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Outrage in Aden after witness in UAE-backed militia child rape case is killed

Mother of Rafaat Danbar says that her son was abducted from their home before he was killed
Yemeni fighters loyal to the Saudi and UAE-backed government patrolling a street in the country's second city of Aden (AFP)

The killing of a man who testified against Emirati-backed militants accused of raping a seven-year-old boy has sparked protests in Yemen, according to Al Jazeera.

Protesters rallied for the fourth day in the port city of Aden on Thursday, as Rafaat Danbaa’s mother pointed blame at Emirati-linked militia for her son’s abduction outside their home and subsequent killing.

"His killers took him right in front of my eyes, outside the front door. They didn't even respect my presence," Umm Rafaat told Al Jazeera. "I was looking at them and I was crying, but they took him anyway… an entire armed unit grabbing one man.”

'I call on the president to ensure they are brought to justice and that my son finally gets retribution'

- Umm Rafaat

She called on Yemeni President Abd Rabbuh Mansour Hadi, whose government is locked in a conflict with Houthi rebels and controls Aden, to bring her son’s killers to justice.

"I call on the president to ensure they are brought to justice and that my son finally gets retribution," she said.

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Though Yemen’s government has set up a committee to investigate the circumstances of Danbaa’s death, his killing raises fresh questions about the conduct of militias in Yemen backed by the United Arab Emirates.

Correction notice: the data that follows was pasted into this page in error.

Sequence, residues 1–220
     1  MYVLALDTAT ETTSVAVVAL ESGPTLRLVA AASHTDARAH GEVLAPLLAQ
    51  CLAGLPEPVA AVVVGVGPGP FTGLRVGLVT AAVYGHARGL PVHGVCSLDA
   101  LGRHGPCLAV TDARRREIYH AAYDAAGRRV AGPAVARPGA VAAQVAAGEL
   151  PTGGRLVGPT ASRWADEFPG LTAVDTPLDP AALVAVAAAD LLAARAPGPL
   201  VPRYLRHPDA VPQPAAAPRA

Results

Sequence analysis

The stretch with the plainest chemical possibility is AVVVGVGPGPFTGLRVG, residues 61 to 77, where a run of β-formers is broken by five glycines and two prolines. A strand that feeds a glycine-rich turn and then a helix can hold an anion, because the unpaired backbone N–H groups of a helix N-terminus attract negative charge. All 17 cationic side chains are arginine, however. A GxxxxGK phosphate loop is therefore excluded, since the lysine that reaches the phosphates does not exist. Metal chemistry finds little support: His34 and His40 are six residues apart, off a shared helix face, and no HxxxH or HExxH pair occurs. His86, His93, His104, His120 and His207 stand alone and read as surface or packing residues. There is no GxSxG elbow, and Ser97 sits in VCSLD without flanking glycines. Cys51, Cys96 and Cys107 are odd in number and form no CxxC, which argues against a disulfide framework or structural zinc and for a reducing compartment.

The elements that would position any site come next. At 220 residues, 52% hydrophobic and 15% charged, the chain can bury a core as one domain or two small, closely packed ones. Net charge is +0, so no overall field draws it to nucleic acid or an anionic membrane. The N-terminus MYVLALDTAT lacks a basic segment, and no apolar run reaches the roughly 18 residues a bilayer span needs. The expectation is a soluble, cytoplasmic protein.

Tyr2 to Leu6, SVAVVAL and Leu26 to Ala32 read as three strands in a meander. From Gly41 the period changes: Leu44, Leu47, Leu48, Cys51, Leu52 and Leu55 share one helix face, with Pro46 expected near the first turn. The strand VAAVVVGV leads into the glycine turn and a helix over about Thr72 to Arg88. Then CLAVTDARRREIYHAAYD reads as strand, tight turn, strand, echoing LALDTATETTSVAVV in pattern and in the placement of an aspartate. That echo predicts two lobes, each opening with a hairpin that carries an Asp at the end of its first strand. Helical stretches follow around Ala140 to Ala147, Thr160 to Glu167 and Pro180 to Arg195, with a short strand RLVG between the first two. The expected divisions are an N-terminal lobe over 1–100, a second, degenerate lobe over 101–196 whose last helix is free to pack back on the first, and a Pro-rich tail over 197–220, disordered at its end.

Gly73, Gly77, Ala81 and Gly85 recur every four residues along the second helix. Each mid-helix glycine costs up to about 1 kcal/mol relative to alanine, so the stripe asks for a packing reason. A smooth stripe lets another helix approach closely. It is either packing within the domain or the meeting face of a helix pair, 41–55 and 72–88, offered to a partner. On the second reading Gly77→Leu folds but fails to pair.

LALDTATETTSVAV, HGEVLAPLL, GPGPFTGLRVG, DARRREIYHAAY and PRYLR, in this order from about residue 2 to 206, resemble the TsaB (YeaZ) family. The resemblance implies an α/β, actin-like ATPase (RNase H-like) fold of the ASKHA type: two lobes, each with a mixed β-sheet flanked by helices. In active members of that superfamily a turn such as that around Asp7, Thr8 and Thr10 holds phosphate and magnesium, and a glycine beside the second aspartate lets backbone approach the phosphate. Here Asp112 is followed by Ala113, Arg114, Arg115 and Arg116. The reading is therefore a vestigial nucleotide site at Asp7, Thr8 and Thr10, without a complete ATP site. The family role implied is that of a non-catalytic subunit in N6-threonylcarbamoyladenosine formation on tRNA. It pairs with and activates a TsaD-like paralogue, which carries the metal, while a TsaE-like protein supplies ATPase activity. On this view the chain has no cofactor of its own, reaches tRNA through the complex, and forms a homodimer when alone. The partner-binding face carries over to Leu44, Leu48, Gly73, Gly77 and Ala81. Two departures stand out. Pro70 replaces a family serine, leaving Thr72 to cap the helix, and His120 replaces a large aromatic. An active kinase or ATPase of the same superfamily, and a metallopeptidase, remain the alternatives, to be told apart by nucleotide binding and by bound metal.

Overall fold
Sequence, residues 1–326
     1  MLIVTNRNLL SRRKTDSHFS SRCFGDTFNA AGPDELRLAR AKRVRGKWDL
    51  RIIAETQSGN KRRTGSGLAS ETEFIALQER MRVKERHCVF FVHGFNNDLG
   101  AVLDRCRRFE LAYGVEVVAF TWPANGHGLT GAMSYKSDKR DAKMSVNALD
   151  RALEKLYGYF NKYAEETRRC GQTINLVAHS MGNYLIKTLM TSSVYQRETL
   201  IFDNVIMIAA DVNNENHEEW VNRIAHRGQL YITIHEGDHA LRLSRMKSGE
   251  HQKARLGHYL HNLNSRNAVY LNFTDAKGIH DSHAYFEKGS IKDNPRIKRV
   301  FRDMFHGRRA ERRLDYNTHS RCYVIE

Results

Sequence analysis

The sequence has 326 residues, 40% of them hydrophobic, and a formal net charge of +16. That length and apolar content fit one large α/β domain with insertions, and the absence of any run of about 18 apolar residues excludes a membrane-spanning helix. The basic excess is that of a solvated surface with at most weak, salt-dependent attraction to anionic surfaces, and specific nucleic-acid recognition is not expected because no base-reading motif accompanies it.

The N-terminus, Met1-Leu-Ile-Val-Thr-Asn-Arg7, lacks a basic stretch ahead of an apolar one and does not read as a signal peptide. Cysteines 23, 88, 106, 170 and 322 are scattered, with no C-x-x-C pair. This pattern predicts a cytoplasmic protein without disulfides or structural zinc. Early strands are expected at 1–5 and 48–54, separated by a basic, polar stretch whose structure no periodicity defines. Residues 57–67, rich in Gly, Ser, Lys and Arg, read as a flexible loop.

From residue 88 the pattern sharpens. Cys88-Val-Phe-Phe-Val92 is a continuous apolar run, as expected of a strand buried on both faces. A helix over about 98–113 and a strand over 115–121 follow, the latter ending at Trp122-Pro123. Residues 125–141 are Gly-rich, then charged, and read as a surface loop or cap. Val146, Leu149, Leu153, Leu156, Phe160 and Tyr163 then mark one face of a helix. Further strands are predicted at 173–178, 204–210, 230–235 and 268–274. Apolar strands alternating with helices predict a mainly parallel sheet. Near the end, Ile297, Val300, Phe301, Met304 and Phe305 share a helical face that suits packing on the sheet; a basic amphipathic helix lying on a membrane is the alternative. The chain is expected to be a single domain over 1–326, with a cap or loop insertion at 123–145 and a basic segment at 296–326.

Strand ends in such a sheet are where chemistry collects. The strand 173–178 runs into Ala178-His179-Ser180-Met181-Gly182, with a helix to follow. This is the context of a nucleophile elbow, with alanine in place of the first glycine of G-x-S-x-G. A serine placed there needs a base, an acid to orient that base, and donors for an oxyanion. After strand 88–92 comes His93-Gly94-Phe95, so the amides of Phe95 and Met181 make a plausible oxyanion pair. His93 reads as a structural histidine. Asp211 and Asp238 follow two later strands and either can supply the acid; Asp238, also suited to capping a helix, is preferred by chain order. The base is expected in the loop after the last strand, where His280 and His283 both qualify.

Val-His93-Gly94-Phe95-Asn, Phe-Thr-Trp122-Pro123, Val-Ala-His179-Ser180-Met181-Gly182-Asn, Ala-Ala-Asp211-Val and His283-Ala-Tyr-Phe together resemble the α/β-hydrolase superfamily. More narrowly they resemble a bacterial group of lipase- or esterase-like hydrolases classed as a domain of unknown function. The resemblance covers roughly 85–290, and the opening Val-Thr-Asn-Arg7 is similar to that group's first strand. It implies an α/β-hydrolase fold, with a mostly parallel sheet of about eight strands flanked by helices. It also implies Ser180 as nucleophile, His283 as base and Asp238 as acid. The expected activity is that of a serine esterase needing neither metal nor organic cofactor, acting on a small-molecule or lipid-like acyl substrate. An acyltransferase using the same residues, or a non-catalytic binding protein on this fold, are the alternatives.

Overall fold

In January, Amnesty International decried what it said was the UAE’s “reckless” arming of militias with weapons it had obtained from western nations, including armoured vehicles, mortars and machine guns

“Emirati forces receive billions of dollars’ worth of arms from western states and others, only to siphon them off to militias in Yemen that answer to no one and are known to be committing war crimes,” Amnesty said.

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Last year, detainees described in excruciating detail their torture and sexual abuse in UAE-run prisoners, where they were forced to undress and then subjected to intrusive searches. Those who resisted were threatened by barking dogs and beaten until they bled, witnesses told the Associated Press.

A report into abuses in UAE-run prisons in Yemen obtained by Al Jazeera alleged that 49 people had died as a result of the torture they had undergone at the sites.

Yemen continues to be ravaged by a war which began in 2014 and escalated in 2015 when Houthi rebels swept across the country taking Yemen’s capital Sanaa, forcing Hadi to flee.

Gains made by the Iran-aligned Houthis prompted an intervention by a Saudi- and Emirati-led alliance. The resulting war has devastated vital infrastructure and pushed the country to the brink of famine.

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